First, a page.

The Hedgehog (Hh) family of secreted proteins plays essential roles in the development of a wide variety of animal species and underlies multiple human birth defects and cancers. To ensure the proper range of signaling, the Hh proteins are modified with lipids, assembled into water-soluble multimers, and interact with multiple cell surface proteins. In the target cells, a largely conserved intracellular signal transduction pathway, from the cell surface receptor Patched to the Glioma-associated oncogene homolog (Gli) family of transcription factors, mediates the transcriptional responses from fruit flies to mammals. A significant divergence between vertebrates and insects is the vertebrate-specific requirement of cilia for Hh signal transduction and Gli protein activation. Finally, transcription-independent cellular responses to Hh have been described in certain developmental processes. With clinical trial underway to treat Hhrelated diseases, more work is urgently needed to reach a more comprehensive understanding of the molecular mechanisms underlying the regulation of Hh signaling in development and diseases.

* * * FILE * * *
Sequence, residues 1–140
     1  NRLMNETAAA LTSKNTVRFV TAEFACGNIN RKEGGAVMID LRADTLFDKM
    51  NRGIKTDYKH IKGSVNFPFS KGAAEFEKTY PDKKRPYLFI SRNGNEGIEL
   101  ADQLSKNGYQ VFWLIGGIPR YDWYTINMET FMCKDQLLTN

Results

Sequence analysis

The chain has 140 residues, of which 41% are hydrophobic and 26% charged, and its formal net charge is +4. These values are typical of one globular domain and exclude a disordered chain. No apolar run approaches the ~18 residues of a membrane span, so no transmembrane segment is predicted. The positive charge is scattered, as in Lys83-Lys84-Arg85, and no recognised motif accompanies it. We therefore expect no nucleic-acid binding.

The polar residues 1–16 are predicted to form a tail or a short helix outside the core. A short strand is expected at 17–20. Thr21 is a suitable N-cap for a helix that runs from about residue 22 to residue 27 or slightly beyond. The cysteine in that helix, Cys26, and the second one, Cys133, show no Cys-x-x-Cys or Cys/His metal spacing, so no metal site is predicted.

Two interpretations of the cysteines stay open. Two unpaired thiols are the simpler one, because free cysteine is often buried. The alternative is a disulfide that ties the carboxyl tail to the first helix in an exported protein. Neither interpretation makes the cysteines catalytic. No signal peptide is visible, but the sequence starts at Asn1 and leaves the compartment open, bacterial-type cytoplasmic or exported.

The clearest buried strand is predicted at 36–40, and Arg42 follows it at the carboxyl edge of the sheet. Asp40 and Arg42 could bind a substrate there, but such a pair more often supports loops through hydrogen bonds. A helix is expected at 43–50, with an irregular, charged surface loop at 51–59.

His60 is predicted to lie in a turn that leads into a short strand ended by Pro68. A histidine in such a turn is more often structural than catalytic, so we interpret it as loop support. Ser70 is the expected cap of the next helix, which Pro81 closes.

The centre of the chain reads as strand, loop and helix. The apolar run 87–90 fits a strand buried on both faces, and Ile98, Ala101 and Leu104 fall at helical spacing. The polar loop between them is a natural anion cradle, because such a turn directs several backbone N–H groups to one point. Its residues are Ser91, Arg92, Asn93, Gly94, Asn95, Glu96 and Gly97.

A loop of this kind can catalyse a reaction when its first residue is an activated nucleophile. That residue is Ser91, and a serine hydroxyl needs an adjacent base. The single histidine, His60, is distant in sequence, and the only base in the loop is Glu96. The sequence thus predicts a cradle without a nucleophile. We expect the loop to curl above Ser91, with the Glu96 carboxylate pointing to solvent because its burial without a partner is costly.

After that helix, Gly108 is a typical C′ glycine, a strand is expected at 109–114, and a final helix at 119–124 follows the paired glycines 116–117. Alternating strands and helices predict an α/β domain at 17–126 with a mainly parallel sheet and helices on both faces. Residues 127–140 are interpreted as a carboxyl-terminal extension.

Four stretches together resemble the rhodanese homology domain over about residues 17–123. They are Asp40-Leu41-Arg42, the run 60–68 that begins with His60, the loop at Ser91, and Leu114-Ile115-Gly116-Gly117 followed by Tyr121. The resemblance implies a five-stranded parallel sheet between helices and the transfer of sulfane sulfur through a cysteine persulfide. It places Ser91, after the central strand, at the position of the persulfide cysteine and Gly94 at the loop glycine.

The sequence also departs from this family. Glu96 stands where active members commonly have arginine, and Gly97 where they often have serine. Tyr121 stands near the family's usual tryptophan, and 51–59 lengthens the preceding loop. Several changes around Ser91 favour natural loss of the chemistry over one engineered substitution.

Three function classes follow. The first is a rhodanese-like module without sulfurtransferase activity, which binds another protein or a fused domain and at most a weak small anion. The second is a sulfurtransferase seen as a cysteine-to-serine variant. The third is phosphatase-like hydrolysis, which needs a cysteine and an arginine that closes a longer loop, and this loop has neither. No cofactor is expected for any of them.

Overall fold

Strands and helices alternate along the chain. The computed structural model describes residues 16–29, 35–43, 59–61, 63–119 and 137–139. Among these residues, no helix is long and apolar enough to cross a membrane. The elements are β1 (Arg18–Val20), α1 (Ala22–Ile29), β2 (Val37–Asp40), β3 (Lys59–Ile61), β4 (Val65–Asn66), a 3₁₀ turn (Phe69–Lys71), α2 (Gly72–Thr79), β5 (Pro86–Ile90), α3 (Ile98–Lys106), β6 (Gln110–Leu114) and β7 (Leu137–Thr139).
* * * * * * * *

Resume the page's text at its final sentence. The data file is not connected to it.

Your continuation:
All Science Journal Classification (ASJC) codes
- Ecology, Evolution, Behavior and Systematics